German Mastiff or Great Dane Breed Origins and Caracteristics

The mastiffs are in reality a variety of lighter mastiff and less adapted to hunting. Towards the end of the 16th and 17th centuries, the mastiff was crossed with the Irish wolfhound and the puppies were very appreciated in the court of the German Princes. The mastiffs were used for large game hunting and they carried padded or iron armors and collars with thick spikes. The best and biggest specimens were chosen as reproducers and thus dogs similar to the current German mastiff were gradually born. Thus two types were created: the Ulm mastiff, slighter and a heavier type called the Dantzig mastiff and later the Dane mastiff, though these dogs do not have nothing to do with Denmark. But the name persisted in the English terminology "Great Dane". In 1876, in the canine exhibition of Hamburg, it was decided that the two types should be united. This was produced three years later when a systematic breeding was started with the objective of creating a powerful, big–sized, brave and tenacious breed. Few breeds were cared with such affection, dedication and perseverance as the German mastiff, which has been qualified as the Apollo dog.

The German mastiff is vigilant, and mistrustful with strangers. It is an unbeatable adversary dog that attacks quickly and without noise. The mastiffs have a relatively weak sense of smell; that is why it is convenient to talk to them while you are getting closer, especially at night. It is not a dog easily trained because it does not stand to be corrected.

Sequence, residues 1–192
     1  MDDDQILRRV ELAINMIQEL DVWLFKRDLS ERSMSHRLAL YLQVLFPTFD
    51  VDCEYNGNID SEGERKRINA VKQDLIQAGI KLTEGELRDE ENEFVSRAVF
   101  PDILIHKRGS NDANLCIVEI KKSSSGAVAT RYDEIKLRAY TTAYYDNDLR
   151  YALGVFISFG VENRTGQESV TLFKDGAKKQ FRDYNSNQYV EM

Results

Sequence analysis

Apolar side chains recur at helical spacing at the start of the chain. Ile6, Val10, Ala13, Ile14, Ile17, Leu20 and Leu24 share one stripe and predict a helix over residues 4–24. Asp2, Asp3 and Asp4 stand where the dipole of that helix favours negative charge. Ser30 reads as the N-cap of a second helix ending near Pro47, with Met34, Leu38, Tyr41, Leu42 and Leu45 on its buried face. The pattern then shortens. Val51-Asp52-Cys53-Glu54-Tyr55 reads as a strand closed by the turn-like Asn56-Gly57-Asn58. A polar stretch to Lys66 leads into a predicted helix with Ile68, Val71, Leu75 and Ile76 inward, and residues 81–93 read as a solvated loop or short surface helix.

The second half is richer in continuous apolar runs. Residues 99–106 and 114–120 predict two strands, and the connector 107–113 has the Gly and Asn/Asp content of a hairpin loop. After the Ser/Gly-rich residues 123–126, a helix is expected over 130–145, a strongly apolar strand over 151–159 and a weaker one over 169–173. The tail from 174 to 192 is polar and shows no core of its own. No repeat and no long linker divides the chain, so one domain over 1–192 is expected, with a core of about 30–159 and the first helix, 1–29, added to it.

Size: males 76-90 cm, females at least 70 cm. Weight: 50-60 for the male, 45 kg for the female. Regarding the color, five types are distinguished: straw-color (3) – the base color is light golden yellow or dark yellow with black stripes; dark yellow – with a black mask; blue-pure steel blue (in this color, the lighter eyes are accepted); black – chestnut-colored black with the possibility of dark eyes and black jaws; with patches – the base color is white, pure white with black patches distributed irregularly.

This type of dog is also called tiger mastiff (2) or harlequin mastiff. There is also another dog classified as mastiff with a black coat and where only the neck, the limbs and tip of the tail are pure white. The mastiff ears are cut when they are about 3 month-old. The specimens which ears were not cut (4) come from England where the practice is forbidden. In continental Europe, the cut of the ears is being abandoned and it is forbidden in many clubs.

Dog Breeds Descriptions by Breed Neapolitan Mastiff Tibetan Mastiff Mastiff German Shepherd Groendaell or Belgian Shepherd Collie Shetland Shepherd, Shetland or Sheltie Bobtail Pembroke Welsh Corgi Briard or Brie shepherd Pumi Affenpinscher or Monkey Pinscher Doberman Miniature Pinscher Schnauzer Boxer Bulldog Bullmastiff German Mastiff or Great Dane Bordeaux Mastiff Mastiff or English Mastiff Neapolitan Mastiff Rottweiler Hovawart Leonberger Pyrenean Mastiff Newfoundland Saint Bernard Great Swiss Mountain Dog Airedale Terrier Bedlington Border Terrier Fox Terrier Irish Terrier Jagdterrier or German Terrier Lakeland Terrier Manchester Terrier Welsh Terrier Dandie Dinmont Terrier Norwich Terrier Scottish Terrier Sealyham Terrier Skye Terrier West Highland White Terrier Boston Terrier Bull Terrier Yorkshire Terrier Kerry Blue Terrier Teckel Siberian Husky Alaskan Malamute Spitz Chow-Chow Basenji St. Hubert Hound or Bloodhound Foxhound Beagle Basset Hound Bavarian Red Dog German Short-Haired Pointer Stichelhaar, Pudelpointer and Spinone Weimar Pointer Hungarian Pointer or Viszla Large Munsterlander Brittany Spaniel Pointer English Setter Gordon Setter Labrador Retriever Golden Retriever Wachtelhund American Cocker Rhodesian Ridgeback Cocker Clumber Spaniel Springer Spaniel Irish Water Spaniel Maltese Caniche or Poodle Belgian Griffon Hairless Dogs Lhassa Apso Shih Tsu Chihuahua Dalmatian King Charles Knight King Charles Spaniel Chin or Japanese Spaniel The Pekinese Spaniel French Bulldog Pug Barzoï Whippet